I cannot imagine the hubris it takes to actually answer the smart-ass hypothetical of “Does a bear crap in the woods?” with “Yes! And he uses our product to wipe his butt.” How does an Adman walk into a pitch meeting with this in their wing? Were they drunk? Were the clients drunk? Was everybody just really super crazy drunk?

My loathing is three-fold:

1 It’s twee. Toilet paper is a pretty straight forward and honest product. Everyone needs toilet paper and really there’s not a huge difference from brand to brand, so I get the need to set your product apart, but the cuteness is too much. In a savvy marketplace that loves nothing more than irony, Charmin decided to go the baby talk route. Furthermore, implying the mother bear is checking her family for dingle-berries is gross. One ad even references skid marks. Not cool.

charmin-bears
Mamma Charmin, the pinnacle of Helicopter Moms.

2. It smacks of building brand loyalty with kids. It feels to me that children are the target market here. It is an old trick to engage a population when they are young so they are comfortable with the product when they are adults (Joe Camel anyone?). It certainly is playing the long game here, hoping kids will have the warm fuzzies 20 years hence. I can also see parents buying Charmin while shopping with their kids because Junior thinks the dancing bears are funny. P&G even prints the bears on the Charmin packaging making it easy for kids to pick out and has created stuffed animals of the bears.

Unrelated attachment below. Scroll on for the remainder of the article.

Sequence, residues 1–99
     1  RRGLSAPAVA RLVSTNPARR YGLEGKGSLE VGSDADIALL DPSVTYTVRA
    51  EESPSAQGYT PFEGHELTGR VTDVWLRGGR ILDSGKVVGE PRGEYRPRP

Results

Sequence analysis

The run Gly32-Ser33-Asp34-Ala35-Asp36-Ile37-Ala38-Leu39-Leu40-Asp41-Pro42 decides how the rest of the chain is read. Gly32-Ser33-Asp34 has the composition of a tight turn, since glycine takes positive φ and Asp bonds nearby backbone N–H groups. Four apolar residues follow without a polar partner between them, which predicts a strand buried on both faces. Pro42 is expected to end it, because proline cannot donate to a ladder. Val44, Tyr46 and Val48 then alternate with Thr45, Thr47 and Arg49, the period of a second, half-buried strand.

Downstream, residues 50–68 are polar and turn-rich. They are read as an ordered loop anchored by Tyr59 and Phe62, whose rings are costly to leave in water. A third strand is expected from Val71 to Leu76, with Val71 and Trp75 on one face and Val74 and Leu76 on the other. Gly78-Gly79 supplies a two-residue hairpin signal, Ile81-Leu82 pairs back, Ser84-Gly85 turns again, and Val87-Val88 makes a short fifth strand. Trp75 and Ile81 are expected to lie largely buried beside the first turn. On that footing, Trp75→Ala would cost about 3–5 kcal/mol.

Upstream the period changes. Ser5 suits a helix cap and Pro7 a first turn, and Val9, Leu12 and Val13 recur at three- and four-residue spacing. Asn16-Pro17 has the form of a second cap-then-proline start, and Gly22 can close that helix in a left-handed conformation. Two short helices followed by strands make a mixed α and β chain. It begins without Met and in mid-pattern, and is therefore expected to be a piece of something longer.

I acknowledge this may be a “Bitch eating crackers” point on my part. Building brand loyalty is a respectable strategy if it is done with care. For fun, here is an example of it not being done with care.

 

3. They replaced Mr. Whipple with this?

Sure, Mr. W. had his issues, including a fanatical need to keep housewives from squeezing his toilet paper selection, but he had heart and the commercial landed where it needed to. This here is some comfy toilet paper and a goofy slogan was born. I like to think he spent a lot of time on those TP pyramids and had witnessed one too many folks tipsy from cooking sherry use it as a soft place to land.

To prove they were once capable of awesome advertising, here is a great Charmin ad. Simple and classy, it’s an elegant appeal to a higher sense. This fine lady would never shake her booty in your face.

charmin flowers ad

With this  public reproach I’m sure the Charmin accountants have a better idea of why they are $10 short each month as Aunt Mary refuses to buy this product. You can do better, we have faith in you!